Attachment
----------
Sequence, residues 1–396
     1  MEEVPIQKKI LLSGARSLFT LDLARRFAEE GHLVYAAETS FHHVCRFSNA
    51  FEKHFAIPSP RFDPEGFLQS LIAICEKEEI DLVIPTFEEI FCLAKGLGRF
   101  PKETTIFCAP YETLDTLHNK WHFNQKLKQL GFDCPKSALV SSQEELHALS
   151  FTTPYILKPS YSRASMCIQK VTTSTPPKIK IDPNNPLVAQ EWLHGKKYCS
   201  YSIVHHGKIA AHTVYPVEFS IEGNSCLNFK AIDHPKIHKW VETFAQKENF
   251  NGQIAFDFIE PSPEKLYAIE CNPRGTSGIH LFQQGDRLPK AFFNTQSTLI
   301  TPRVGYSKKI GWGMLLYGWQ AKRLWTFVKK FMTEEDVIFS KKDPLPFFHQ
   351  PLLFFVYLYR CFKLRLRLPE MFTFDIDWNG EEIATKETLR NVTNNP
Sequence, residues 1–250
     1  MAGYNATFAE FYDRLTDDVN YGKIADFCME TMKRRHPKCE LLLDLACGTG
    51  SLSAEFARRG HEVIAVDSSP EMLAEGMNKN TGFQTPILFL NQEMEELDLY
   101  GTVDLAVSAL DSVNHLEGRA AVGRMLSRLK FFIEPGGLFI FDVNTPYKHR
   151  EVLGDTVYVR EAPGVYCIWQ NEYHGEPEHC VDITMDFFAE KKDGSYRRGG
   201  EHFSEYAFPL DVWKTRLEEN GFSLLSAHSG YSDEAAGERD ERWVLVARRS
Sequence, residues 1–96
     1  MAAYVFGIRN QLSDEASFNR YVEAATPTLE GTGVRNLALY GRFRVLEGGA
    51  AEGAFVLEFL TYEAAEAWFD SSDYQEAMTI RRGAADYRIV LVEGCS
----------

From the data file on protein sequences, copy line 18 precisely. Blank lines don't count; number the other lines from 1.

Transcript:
    51  AEGAFVLEFL TYEAAEAWFD SSDYQEAMTI RRGAADYRIV LVEGCS